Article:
As every investor would know, you don't hit a homerun every time you swing. But it should be a priority to avoid stomach churning catastrophes, wherever possible. So we hope that those who held Homestay Care Limited (ASX:HSC) during the last year don't lose the lesson, in addition to the 88% hit to the value of their shares. While some investors are willing to stomach this sort of loss, they are usually professionals who spread their bets thinly. We wouldn't rush to judgement on Homestay Care because we don't have a long term history to look at. Furthermore, it's down 77% in about a quarter. That's not much fun for holders.
While a drop like that is definitely a body blow, money isn't as important as health and happiness.
Homestay Care recorded just AU$93,821 in revenue over the last twelve months, which isn't really enough for us to consider it to have a proven product. We can't help wondering why it's publicly listed so early in its journey. Are venture capitalists not interested? So it seems that the investors focused more on what could be, than paying attention to the current revenues (or lack thereof). It seems likely some shareholders believe that Homestay Care will significantly advance the business plan before too long.
As a general rule, if a company doesn't have much revenue, and it loses money, then it is a high risk investment. There is usually a significant chance that they will need more money for business development, putting them at the mercy of capital markets. So the share price itself impacts the value of the shares (as it determines the cost of capital). While some companies like this go on to deliver on their plan, making good money for shareholders, many end in painful losses and eventual de-listing. It certainly is a dangerous place to invest, as Homestay Care investors might realise.
Homestay Care had liabilities exceeding cash by AU$99k when it last reported in June 2019, according to our data. That makes it extremely high risk, in our view. But with the share price diving 88% in the last year , it's probably fair to say that some shareholders no longer believe the company will succeed. You can see in the image below, how Homestay Care's cash levels have changed over time (click to see the values). You can see in the image below, how Homestay Care's cash levels have changed over time (click to see the values).
In reality it's hard to have much certainty when valuing a business that has neither revenue or profit. Would it bother you if insiders were selling the stock? I would feel more nervous about the company if that were so. You can click here to see if there are insiders selling.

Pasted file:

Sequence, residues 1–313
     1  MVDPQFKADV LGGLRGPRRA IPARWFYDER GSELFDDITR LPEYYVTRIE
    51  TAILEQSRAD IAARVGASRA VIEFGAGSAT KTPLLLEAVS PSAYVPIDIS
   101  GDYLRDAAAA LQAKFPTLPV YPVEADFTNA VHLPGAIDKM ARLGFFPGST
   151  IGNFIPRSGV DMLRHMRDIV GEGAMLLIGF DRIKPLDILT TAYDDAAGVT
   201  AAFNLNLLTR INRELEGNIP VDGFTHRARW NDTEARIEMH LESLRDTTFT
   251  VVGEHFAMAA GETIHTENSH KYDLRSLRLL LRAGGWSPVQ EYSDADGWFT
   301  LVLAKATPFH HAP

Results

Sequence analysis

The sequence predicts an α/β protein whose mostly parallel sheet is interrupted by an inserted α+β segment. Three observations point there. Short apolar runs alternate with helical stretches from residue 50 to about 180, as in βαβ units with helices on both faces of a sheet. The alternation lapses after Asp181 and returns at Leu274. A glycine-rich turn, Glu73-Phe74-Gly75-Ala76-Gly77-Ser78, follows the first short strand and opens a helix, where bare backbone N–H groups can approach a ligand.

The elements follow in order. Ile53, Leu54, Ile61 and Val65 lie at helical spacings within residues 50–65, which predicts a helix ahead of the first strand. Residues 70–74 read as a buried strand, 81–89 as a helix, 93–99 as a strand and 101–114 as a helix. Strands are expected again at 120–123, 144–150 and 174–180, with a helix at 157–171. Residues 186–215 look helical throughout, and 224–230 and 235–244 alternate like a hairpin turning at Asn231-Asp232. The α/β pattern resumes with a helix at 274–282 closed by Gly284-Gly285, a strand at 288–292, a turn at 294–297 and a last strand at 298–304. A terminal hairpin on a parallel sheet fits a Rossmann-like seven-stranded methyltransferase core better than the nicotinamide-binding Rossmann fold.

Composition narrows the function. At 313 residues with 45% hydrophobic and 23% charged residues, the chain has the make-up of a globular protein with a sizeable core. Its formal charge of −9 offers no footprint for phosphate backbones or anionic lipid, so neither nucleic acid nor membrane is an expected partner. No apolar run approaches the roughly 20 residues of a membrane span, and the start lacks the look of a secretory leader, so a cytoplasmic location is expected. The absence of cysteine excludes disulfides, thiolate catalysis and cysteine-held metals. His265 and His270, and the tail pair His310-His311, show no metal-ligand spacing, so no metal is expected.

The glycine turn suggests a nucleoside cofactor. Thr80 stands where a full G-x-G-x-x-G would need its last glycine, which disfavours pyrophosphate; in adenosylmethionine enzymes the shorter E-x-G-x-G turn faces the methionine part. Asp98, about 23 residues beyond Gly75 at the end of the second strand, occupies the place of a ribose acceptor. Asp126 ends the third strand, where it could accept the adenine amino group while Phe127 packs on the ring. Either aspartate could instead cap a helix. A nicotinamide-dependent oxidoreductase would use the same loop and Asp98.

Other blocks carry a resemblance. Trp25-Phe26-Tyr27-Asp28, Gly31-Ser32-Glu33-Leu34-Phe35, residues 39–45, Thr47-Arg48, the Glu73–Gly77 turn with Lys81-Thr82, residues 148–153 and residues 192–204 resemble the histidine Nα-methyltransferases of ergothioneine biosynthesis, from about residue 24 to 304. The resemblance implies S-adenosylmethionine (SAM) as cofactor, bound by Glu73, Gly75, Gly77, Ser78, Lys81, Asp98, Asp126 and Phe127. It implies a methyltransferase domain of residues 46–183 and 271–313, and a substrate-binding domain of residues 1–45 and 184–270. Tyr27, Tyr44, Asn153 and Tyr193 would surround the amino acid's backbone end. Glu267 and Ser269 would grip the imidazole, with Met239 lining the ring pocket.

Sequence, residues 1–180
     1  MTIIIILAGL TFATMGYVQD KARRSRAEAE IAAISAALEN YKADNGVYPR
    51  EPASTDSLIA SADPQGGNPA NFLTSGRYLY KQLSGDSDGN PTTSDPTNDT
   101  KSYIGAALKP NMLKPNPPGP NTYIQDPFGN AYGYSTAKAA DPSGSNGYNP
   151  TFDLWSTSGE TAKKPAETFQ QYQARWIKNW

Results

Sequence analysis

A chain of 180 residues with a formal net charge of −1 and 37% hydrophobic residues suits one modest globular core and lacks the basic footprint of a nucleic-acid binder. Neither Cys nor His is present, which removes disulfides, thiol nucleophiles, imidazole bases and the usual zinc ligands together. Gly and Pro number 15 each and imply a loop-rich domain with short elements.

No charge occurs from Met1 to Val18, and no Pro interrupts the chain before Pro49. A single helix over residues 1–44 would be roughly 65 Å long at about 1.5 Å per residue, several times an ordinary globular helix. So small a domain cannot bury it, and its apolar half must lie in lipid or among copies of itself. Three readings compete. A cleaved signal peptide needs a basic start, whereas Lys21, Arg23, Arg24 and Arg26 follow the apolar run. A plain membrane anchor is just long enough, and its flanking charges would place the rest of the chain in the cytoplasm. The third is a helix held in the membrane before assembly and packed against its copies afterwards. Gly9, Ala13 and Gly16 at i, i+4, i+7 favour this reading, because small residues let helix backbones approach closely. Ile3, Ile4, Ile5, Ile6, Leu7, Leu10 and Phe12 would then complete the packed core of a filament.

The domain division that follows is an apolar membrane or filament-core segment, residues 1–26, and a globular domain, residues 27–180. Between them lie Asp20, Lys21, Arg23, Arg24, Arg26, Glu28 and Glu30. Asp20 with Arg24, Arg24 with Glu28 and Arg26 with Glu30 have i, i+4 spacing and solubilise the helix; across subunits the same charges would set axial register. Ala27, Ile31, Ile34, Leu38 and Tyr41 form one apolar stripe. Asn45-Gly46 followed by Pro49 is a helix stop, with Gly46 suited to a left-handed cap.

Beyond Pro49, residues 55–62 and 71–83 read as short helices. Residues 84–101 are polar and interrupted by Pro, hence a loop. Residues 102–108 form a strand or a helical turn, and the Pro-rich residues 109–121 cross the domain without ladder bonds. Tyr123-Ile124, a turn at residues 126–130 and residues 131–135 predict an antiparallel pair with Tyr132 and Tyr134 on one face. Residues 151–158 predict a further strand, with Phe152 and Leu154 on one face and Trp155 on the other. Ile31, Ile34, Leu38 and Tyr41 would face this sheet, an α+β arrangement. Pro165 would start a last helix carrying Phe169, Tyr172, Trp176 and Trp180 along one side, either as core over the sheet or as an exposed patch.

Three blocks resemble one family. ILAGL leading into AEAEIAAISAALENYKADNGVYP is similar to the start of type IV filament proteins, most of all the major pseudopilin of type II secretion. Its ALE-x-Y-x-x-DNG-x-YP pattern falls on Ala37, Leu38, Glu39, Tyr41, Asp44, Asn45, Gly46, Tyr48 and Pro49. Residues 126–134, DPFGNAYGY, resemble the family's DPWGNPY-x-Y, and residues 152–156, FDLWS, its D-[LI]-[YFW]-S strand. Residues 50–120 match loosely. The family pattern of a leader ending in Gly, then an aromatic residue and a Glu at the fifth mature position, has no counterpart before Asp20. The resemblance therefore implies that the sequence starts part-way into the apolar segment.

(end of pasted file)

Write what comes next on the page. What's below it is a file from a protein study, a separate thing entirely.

What about the Total Shareholder Return (TSR)?
We'd be remiss not to mention the difference between Homestay Care's total shareholder return (TSR) and its share price return. The TSR attempts to capture the value of dividends (as if they were reinvested) as well as any spin-offs or discounted capital raisings offered to shareholders. Homestay Care hasn't been paying dividends, but its TSR of -85% exceeds its share price return of -88%, implying it has either spun-off a business, or raised capital at a discount; thereby providing additional value to shareholders.
A Different Perspective
While Homestay Care shareholders are down 85% for the year, the market itself is up 23%. While the aim is to do better than that, it's worth recalling that even great long-term investments sometimes underperform for a year or more. The share price decline has continued throughout the most recent three months, down 77%, suggesting an absence of enthusiasm from investors. Given the relatively short history of this stock, we'd remain pretty wary until we see some strong business performance. Most investors take the time to check the data on insider transactions. You can click here to see if insiders have been buying or selling.
Of course Homestay Care may not be the best stock to buy. So you may wish to see this free collection of growth stocks.
Please note, the market returns quoted in this article reflect the market weighted average returns of stocks that currently trade on AU exchanges.
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If you spot an error that warrants correction, please contact the editor at email@example.com. This article by Simply Wall St is general in nature. It does not constitute a recommendation to buy or sell any stock, and does not take account of your objectives, or your financial situation. Simply Wall St has no position in the stocks mentioned. Thank you for reading.